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August 2008 Issue

Fred Finkelman, MD, has received a $430,000 grant to study why peanuts trigger severe allergic reactions in adolescents and young adults. He will conduct the research in collaboration with Marat Khodoun, PhD.
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UC Researcher Primed to Study the Culprit Behind Those Dangerous Peanut Allergies

By Angela Koenig
Published August 2008

Why the peanut?

That’s the question internal medicine researchers Fred Finkelman, MD, and Marat Khodoun, PhD, will attempt to answer in a new food allergy study soon to begin at UC.

UC and Cincinnati Children’s Hospital Medical Center are two of only 12 sites across the country awarded grants totaling $5 million to study food allergies.

The grants come from the National Institutes of Health (NIH) and two food allergy advocacy groups. The UC study—$430,000 over two years—focuses on the peanut.

“Severe food allergy is most frequently caused by peanuts and tree nuts, especially in adults,” says Finkelman, a professor of medicine in UC’s immunology division.

One reason peanuts top the list of food allergens, he says, may be that one or more proteins in peanuts activate what is known as the body’s “complement system.”

Normally, this system is a positive defense system that assists in fighting bacteria and viruses, but when presented with peanut the system can become inappropriately activated, causing adverse reactions. While activation may cause some people no reaction at all or to just get a little bit sick, for others it contributes to anaphylaxis, a serious allergic reaction that is rapid in onset and may cause shock and death.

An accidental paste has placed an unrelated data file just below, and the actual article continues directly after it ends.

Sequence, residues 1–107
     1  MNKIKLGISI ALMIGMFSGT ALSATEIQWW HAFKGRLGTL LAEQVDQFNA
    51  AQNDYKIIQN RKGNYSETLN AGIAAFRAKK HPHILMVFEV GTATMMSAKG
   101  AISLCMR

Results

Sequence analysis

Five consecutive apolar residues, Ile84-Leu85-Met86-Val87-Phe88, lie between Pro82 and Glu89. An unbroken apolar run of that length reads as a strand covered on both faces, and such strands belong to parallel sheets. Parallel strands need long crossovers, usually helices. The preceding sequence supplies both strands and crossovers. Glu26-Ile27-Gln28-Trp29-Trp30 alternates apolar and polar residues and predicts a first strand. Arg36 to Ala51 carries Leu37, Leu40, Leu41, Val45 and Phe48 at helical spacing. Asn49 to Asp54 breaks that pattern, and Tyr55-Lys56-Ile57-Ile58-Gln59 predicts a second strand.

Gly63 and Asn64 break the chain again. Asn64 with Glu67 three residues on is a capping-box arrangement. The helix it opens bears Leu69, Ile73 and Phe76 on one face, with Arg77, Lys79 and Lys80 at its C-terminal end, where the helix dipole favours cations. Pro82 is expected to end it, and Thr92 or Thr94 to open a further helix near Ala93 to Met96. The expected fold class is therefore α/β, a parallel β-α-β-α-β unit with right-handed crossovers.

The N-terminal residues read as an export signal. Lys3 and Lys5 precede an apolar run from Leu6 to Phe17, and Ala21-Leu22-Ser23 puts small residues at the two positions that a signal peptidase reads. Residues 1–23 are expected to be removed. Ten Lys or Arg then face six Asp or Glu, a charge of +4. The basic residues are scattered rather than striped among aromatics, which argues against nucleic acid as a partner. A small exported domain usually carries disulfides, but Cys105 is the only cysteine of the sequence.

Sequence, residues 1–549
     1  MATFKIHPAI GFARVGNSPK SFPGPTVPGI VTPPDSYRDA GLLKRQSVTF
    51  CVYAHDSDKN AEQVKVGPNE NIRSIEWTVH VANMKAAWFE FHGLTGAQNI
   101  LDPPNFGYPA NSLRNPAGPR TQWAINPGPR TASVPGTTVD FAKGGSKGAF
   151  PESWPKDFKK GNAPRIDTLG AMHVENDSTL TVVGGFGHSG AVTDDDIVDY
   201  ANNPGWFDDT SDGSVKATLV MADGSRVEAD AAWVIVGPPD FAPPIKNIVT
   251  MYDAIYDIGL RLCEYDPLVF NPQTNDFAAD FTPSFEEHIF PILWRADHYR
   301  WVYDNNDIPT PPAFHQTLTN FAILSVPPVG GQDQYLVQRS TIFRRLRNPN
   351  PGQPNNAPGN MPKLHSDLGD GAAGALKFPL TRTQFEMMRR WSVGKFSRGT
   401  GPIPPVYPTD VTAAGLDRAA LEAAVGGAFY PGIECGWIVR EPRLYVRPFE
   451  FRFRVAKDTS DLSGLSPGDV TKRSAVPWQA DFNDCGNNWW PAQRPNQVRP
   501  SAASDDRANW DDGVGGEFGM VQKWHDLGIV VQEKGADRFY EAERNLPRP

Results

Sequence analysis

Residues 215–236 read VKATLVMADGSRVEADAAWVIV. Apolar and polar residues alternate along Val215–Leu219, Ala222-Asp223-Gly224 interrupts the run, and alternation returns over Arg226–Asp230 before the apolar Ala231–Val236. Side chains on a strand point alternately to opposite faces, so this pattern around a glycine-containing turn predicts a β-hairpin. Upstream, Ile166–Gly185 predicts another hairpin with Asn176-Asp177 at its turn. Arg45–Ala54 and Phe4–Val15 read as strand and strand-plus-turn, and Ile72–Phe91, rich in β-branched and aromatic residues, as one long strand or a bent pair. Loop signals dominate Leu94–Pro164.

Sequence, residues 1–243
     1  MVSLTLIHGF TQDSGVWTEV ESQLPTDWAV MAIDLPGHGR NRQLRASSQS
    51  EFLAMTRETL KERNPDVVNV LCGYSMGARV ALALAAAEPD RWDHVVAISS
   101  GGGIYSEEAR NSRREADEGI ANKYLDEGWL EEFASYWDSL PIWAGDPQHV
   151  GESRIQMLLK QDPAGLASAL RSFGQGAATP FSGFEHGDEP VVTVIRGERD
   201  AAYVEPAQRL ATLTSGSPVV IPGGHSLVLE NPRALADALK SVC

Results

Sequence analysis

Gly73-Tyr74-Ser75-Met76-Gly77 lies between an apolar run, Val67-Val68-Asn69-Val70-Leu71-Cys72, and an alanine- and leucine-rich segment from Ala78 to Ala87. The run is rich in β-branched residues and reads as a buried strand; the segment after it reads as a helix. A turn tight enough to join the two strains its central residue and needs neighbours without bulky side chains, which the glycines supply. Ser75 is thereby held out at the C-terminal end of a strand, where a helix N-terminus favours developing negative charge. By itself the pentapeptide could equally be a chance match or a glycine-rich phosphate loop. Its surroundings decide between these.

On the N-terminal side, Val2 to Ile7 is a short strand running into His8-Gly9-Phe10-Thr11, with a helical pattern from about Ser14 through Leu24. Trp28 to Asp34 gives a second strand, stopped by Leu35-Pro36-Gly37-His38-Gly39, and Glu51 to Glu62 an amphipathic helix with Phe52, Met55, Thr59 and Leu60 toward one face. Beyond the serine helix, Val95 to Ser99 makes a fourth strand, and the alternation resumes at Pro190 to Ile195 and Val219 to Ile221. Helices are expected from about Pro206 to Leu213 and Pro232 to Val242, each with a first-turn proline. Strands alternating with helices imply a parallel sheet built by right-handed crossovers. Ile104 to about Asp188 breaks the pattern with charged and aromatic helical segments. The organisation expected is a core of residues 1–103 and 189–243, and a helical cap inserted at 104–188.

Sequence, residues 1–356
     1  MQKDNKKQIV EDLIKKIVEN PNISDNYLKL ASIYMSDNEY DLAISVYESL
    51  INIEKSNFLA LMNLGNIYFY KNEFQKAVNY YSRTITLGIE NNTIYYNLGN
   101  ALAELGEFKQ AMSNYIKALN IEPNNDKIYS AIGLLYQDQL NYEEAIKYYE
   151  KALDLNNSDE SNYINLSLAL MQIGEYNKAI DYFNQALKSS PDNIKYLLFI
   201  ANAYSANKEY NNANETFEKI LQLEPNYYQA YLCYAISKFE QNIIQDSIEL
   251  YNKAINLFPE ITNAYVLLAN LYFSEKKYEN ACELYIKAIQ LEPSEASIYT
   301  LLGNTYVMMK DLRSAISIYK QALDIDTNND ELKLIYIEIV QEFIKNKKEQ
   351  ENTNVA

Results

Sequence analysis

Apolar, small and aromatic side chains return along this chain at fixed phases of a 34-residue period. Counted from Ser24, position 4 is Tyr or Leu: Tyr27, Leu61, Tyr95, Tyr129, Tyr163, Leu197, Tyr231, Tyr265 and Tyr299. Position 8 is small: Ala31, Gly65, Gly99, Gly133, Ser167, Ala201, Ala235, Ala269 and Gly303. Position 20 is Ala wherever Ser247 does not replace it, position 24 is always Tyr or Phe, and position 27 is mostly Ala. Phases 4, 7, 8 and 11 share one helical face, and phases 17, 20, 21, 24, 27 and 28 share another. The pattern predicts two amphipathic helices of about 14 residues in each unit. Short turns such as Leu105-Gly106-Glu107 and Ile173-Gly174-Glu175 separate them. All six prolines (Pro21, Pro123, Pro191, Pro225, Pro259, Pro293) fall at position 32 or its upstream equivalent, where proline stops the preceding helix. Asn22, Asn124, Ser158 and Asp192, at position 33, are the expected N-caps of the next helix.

The challenge, says Finkelman, is determining which peanut protein or combination of peanut proteins causes activation.

According to the NIH, there are more than 30,000 cases of foodinduced anaphylaxis and as many as 150 food anaphylaxis-associated deaths in the United States each year, with most of the deaths in adolescents and young adults.

“UC is a powerhouse when it comes to allergy-related areas, and when you consider we have two grants here—to UC and Children’s—it shows a synergy between us,” says Finkelman.

Carine Blanchard, PhD, a researcher in the division of allergy and immunology at Cincinnati Children’s, has received $250,000 to study the molecular mechanisms behind food anaphylaxis with particular interest in the role a protein (TSG6) plays in food allergy responses. Blanchard’s team has previously shown an increased expression of TSG6 in a disease related to human food allergies—eosinophilic esophagitis.

This study will focus on understanding the expression and role of TSG6 in food allergy responses.

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